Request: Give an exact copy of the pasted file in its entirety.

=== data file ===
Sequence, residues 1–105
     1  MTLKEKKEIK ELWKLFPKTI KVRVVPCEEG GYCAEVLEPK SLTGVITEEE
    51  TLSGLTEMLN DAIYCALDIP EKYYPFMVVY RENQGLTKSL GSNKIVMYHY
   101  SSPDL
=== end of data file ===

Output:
Sequence, residues 1–105
     1  MTLKEKKEIK ELWKLFPKTI KVRVVPCEEG GYCAEVLEPK SLTGVITEEE
    51  TLSGLTEMLN DAIYCALDIP EKYYPFMVVY RENQGLTKSL GSNKIVMYHY
   101  SSPDL